On Wall Street, men are “walking on eggshells” around women. Men are adopting new rules and draconian tactics to avoid being in contact with women, in case they get caught up by #MeToo. No more dinners with female colleagues. Don’t sit next to female colleagues on flights. Book hotel rooms on different floors. Avoid one-on-one meetings. Some men won’t meet with women in windowless rooms or get on elevators alone with them.In fact, hiring a woman these days is “an unknown risk.” What if she took something he said the wrong way?
A recent business survey found that 60% of male management are uncomfortable mentoring, socializing one-on-one and participating in common workplace activities with women at work. The #MeToo movement has come at the price of mentorship, networking, and development opportunities for women. Men in senior management positions are 12 times more reluctant to engage with junior-level women. This is a serious stumbling block for women working to advance their careers, no one has ever obtained a promotion without getting a one-on-one meeting. Women need that one-on-one time to get the mentorship and sponsorship they need to succeed.
This behavior could wind up backfiring because treating women differently in the workplace can end up forming the basis for a discrimination suit.
The reasons why men are pulling back from women interesting: Thirty-six percent of the men surveyed said because of how it could look to others, Others feel a heightened awareness that their actions could make female colleagues uncomfortable, men are also concerned that some women fabricate claims. While that is a small percentage overall (around 5% ) it is still some 30,000 false claims a year. Even if the odds are low, many men believe if you are accused, even wrongly, it can disrupt your whole life.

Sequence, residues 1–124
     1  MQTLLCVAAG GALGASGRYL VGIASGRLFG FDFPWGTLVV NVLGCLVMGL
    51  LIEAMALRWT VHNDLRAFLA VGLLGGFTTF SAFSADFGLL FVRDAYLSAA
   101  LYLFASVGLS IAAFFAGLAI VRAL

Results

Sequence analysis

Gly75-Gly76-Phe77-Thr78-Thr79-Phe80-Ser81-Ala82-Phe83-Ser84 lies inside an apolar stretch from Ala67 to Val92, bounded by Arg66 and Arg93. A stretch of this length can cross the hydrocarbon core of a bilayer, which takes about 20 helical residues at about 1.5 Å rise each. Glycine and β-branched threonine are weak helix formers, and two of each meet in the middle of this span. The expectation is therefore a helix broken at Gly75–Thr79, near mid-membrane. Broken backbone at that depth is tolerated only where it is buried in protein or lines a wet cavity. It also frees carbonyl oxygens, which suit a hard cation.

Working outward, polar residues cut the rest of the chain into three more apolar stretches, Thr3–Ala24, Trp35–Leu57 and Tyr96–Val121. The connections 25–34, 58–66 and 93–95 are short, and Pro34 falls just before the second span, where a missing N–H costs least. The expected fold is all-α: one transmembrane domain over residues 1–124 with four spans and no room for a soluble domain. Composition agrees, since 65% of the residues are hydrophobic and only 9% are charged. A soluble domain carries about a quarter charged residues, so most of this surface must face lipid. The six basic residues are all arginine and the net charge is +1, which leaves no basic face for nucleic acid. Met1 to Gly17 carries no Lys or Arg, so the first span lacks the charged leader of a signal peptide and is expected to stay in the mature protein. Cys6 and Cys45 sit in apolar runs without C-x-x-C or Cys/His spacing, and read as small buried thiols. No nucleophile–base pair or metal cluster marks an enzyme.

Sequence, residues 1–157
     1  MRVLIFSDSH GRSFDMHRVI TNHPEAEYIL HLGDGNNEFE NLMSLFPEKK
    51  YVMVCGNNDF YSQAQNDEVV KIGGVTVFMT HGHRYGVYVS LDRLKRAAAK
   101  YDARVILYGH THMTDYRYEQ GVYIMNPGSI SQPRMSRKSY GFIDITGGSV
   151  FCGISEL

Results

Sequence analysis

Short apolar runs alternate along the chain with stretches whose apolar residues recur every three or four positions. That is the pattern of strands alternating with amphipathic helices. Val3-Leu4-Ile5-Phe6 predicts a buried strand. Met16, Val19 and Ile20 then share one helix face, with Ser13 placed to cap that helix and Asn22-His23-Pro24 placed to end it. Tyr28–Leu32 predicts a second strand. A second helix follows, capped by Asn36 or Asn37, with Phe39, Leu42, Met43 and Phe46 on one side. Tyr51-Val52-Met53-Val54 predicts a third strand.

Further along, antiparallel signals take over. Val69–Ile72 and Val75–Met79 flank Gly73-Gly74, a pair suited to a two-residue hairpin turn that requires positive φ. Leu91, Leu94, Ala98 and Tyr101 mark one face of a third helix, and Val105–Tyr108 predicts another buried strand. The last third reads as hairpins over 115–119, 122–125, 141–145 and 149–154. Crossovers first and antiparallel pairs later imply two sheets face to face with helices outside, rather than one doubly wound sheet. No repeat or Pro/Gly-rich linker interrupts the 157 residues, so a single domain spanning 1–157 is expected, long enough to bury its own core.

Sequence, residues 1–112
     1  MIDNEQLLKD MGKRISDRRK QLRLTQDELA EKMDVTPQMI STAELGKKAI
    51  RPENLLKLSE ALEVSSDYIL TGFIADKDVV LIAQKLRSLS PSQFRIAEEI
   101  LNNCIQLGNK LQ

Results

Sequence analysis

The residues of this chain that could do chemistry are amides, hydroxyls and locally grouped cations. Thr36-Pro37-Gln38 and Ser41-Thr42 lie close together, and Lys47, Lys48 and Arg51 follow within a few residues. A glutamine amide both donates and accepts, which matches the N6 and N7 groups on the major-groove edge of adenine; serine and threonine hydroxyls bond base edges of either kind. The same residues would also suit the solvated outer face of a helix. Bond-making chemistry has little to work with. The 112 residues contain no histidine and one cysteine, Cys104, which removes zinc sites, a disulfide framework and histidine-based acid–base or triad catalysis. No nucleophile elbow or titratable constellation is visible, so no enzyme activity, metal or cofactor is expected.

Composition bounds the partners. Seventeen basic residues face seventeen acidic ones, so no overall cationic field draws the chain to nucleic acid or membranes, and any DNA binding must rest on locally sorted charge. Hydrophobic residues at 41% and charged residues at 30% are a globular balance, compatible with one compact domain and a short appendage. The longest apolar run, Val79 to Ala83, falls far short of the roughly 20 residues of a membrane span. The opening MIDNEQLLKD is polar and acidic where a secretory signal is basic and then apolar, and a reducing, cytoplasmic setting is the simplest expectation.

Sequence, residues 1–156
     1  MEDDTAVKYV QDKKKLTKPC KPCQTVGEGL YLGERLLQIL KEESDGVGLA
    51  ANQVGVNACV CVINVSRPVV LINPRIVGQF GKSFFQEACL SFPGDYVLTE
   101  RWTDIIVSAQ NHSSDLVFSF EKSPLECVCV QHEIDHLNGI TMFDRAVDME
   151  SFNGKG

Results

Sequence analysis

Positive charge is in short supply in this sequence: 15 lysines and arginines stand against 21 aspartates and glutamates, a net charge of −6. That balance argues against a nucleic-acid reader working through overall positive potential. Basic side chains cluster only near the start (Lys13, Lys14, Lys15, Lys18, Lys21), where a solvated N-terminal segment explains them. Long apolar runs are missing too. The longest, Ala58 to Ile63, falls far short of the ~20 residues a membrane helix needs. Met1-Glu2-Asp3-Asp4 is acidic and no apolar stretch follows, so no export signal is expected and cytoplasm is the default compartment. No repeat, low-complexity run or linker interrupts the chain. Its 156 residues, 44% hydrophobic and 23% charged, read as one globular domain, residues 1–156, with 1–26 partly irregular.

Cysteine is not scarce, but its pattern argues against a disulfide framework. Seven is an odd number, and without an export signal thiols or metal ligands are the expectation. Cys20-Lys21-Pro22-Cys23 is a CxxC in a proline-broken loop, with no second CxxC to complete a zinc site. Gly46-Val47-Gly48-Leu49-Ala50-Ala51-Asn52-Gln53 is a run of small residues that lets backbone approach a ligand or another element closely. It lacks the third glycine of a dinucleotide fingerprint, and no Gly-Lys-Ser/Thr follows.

John Singer, a lawyer who gained attention for his work with men who’ve been fired for sexual misconduct says men are either scared to be alone with female colleagues or clients or more skittish about what to say. He confirmed that male and female clients both have told him that women are getting excluded from meetings and social outings. This makes it harder for women to simply do their jobs, meet with clients or team up on sales calls.
So how do we address this situation? It will take behavior change, which admittedly will take considerable time and not be without some pain, for both sexes. It will certainly not be by eliminating male-female interaction. Sexism and harassment are complex issues rooted in entrenched attitudes, institutional structures, and countless other factors.
Men need to play an active role in supporting female colleagues and giving them space to succeed. The first step is to close the gender gap at work, from the entry level all the way to board level. When companies employ more women in leadership positions, sexual harassment is less prevalent. Organizations with more gender equality have fewer problems with misconduct. And when women hold more leadership roles, company profits are higher and workplace policies are more generous. Supporting women makes companies stronger and safer. To get there, men need to be part of the solution.
For men, it isn’t just the right thing to do to mentor and sponsor women, it’s actually a good thing to do for your because if you’re the most senior CEO or the most junior person, if you can work better with half the population, you are going to outperform. The LeanIn survey asked senior women how they felt about interacting with more junior men. Women had no hesitation in having a one-on-one meeting with a man.
I guess the short term solution is to ensure there is another person at a meeting, or at lunch or in any other situation where actions or words could be misinterpreted.
What do you call a man that has lost all of his intelligence? A widow.(Don’t blame me, my wife picked it out.)